As part of its on-going work to promote policies that reduce food waste, the Food Law and Policy Clinic partnered this fall with Professor Nicole Civita, Director of the Food Recovery Project at University of Arkansas School of Law, to analyze federal bill H.R. 4719, the “America Gives More Act.” This bill, among other provisions, would allow all businesses to benefit from enhanced tax deductions for food donations. While currently only C-corporations (often the largest companies) receive this benefit, expanding the enhanced tax deduction would incentivize smaller businesses to donate food rather than letting it go to waste.
Based on their research, the team wrote a sign-on letter and collected signatures from 30 food recovery organizations and leaders from around the country to ask the members of the U.S. Senate Finance Committee and Senate Hunger Caucus to support H.R. 4719’s permanent tax provision.
Americans waste an astounding 160 billion pounds of food each year, in homes, fields, manufacturing plants, markets, schools, and restaurants. At the same time, almost 15 percent of U.S. households struggle with food insecurity. To encourage more food businesses to donate safe, wholesome food to organizations that serve those in need, the federal government should offer enhanced tax deductions for food donations not just to the largest corporations, but to farms, small businesses, independent restaurants, and other food businesses that have excess food.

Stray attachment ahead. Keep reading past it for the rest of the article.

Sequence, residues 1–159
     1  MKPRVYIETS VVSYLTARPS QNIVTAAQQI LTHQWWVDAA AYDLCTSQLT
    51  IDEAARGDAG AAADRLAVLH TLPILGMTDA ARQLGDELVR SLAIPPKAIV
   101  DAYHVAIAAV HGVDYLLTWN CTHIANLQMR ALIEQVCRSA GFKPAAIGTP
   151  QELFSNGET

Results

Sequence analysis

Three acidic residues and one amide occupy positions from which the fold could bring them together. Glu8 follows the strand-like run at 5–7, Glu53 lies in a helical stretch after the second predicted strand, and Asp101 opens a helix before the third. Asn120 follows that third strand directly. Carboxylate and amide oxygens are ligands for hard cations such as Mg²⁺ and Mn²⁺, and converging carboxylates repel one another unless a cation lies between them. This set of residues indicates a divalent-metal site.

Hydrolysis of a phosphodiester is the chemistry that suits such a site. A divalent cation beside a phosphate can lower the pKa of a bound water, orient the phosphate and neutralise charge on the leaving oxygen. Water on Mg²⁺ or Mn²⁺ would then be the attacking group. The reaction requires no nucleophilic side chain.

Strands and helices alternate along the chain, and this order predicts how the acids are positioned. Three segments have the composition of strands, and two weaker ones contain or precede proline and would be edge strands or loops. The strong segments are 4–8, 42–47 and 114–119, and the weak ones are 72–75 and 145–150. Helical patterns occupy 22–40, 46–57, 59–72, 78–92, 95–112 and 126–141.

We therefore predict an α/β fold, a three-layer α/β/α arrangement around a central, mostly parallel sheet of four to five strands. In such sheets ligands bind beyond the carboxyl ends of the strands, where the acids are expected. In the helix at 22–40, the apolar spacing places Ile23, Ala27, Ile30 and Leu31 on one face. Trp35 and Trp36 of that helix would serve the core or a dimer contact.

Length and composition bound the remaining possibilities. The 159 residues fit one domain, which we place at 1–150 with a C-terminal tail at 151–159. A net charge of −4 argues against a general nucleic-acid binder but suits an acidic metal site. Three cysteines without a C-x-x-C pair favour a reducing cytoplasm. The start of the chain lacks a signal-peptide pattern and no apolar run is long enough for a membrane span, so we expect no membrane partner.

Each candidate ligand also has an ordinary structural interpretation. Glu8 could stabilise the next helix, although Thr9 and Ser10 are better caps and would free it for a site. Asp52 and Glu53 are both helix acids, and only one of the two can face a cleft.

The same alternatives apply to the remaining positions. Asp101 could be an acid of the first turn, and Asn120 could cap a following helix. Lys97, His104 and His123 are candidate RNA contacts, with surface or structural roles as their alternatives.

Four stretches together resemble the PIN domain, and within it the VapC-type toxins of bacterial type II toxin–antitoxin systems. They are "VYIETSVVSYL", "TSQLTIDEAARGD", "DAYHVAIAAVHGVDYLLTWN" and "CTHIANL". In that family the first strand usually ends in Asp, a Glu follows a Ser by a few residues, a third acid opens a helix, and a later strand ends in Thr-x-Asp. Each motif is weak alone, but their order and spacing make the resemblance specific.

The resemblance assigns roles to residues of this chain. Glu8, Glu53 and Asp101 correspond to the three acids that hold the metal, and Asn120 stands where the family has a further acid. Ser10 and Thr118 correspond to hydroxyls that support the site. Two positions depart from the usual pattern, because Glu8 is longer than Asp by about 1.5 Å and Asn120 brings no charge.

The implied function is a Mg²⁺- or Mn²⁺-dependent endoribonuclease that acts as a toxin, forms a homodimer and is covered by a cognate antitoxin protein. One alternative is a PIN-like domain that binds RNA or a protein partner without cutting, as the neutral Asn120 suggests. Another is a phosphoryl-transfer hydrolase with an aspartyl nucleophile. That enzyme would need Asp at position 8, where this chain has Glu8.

Without the guarantee of a tax deduction, many businesses find it more cost-effective to simply throw out excess food rather than expend the time, money, and resources to store, transport, and distribute the food on a regular basis. Indeed, leading hunger-relief organizations, including Feeding America, confirm that uncertainty regarding the tax code prevents food sector businesses from developing regular donation programs with hunger-relief organizations.
By passing the food donation-related provisions of the America Gives More Act, the Senate can stand with socially-responsible food businesses of all types and sizes, food-insecure Americans, and the heroic charities and volunteers who fight hunger.